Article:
Anusim is the Hebrew word first employed by fifteenth century Spanish Jews to describe their co-religionists who were forced either by the sword or other means to convert to Christianity. These people were often called by many other names, some complimentary and others carrying a disparaging nuance.
These names included marranos, conversos, and nuevos cristianos. Jews, however, used but one word: anusim: meaning those who had been spiritually violated.
Fifteenth and sixteenth century Spanish Jews saw these people as the victims of a spiritual assault. Although it is true that some of these people, once converted, did become loyal citizens of Christendom, others, despite the trials and tribulations maintained a schizophrenic split religious personality. That is to say, that on the outside these anusim by law were practicing Christians, but in the interiors of their homes and souls, they remained loyal to the faith and people of Israel.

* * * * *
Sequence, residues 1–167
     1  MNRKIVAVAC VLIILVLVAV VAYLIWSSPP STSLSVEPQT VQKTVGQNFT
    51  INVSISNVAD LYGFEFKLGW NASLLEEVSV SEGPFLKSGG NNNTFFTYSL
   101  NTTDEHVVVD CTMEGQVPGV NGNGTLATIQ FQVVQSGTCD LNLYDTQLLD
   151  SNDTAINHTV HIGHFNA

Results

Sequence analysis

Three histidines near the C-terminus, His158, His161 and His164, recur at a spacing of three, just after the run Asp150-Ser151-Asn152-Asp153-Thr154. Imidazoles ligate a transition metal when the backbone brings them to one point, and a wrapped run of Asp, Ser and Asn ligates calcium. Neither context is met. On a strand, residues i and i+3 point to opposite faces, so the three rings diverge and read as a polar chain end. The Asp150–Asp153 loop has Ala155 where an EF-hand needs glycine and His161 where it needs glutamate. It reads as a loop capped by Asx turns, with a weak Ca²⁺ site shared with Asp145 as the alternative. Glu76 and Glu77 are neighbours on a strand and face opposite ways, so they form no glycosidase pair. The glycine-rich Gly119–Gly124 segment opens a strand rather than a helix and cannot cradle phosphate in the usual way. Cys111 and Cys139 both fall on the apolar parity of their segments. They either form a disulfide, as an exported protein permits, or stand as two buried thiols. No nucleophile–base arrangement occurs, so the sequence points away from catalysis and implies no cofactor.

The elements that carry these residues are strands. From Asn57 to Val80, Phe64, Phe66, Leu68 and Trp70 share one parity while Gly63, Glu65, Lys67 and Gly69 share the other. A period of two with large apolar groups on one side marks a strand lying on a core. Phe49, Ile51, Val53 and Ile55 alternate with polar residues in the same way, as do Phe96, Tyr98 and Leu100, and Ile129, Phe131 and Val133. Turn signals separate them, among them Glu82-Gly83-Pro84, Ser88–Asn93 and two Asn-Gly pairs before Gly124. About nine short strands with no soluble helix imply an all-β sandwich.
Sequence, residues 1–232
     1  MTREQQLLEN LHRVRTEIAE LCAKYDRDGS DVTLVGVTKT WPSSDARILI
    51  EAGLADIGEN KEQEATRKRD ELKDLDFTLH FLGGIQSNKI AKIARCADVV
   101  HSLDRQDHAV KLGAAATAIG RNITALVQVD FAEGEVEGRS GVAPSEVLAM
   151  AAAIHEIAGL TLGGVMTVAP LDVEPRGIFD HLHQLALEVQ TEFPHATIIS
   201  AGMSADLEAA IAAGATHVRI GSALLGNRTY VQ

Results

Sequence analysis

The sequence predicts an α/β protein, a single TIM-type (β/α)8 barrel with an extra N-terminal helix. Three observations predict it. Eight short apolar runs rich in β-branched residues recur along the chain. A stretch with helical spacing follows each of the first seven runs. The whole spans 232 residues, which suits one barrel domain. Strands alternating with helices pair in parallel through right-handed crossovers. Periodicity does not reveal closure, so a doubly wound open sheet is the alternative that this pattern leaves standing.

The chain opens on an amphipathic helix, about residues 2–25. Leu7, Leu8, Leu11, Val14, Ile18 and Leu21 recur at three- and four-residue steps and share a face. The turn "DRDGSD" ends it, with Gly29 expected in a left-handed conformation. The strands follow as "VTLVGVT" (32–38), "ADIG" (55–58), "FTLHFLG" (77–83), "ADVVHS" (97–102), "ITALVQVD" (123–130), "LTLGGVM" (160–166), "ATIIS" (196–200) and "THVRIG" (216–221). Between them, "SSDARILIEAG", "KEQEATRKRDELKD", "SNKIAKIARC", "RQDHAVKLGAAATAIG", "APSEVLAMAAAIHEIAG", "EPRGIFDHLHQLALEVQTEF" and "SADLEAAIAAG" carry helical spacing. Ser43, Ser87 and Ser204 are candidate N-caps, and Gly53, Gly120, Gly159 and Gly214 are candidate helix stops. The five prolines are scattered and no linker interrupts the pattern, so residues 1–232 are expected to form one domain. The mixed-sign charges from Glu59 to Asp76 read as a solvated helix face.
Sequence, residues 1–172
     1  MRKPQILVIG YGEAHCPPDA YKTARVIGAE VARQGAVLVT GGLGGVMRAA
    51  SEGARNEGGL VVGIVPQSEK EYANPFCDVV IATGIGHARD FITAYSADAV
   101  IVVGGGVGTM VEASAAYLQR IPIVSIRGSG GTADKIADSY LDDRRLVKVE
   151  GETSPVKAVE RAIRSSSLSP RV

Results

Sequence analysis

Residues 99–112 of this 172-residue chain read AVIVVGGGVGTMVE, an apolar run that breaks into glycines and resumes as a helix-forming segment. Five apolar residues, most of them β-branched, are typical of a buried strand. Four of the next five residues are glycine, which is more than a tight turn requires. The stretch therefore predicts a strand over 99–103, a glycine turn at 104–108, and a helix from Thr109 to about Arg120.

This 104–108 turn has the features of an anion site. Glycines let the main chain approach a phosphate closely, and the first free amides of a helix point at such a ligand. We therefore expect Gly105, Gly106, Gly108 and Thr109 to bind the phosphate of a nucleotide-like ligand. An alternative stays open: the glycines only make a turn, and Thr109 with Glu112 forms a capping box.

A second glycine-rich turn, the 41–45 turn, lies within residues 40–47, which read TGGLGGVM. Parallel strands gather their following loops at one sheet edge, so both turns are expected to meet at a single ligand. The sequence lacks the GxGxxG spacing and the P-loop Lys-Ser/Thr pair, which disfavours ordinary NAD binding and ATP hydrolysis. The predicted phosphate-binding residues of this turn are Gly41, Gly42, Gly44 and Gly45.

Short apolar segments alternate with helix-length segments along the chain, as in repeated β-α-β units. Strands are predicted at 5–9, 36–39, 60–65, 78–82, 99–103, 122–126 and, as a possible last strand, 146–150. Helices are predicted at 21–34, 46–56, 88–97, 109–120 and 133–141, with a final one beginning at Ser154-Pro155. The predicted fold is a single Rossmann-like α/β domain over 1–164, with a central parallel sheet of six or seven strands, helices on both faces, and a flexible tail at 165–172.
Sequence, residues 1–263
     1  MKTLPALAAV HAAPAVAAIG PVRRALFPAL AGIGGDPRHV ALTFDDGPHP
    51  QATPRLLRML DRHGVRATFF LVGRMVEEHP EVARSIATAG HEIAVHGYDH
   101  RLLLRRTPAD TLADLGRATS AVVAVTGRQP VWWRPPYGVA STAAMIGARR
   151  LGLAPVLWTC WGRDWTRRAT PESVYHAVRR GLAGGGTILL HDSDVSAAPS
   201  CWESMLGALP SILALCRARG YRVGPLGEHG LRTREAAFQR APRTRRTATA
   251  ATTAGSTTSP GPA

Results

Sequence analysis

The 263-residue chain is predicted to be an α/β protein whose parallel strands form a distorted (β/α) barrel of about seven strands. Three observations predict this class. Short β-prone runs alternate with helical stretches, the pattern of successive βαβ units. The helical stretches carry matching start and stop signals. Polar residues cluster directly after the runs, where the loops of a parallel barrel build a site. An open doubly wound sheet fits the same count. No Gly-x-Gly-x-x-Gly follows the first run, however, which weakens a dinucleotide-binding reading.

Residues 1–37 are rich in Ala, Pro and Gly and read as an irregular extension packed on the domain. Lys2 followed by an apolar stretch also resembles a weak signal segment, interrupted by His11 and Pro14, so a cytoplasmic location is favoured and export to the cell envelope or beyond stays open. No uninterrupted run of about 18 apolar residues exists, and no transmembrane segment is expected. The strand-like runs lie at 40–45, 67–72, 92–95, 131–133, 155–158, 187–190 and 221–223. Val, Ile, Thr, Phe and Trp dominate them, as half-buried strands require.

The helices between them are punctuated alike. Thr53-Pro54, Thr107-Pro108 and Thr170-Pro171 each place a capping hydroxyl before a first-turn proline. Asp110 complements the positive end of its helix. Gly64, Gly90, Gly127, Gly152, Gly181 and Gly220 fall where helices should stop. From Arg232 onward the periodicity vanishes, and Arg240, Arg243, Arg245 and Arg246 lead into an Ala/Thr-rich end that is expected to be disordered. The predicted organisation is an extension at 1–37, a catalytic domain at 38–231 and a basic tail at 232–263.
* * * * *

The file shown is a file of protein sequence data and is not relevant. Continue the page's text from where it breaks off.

These forced conversions changed the social structure of Spanish Jewry. Where once there had been a single and united Jewish politic within the various nations that composed the Iberian Peninsula, now Jewry was divided into four separate subcategories:
(1) Jews who were practicing members of the people of Israel.
(2) Jews had converted to Christianity due to issues of spiritual assault but despite the legal and economic hurdles remained at least in private loyal to their faith and people,
(3) Jews, who were forced to convert, decided to adapt themselves to their new situation and became loyal Catholics and
(4) a small number of Jews who for personal reasons had freely chosen Christianity.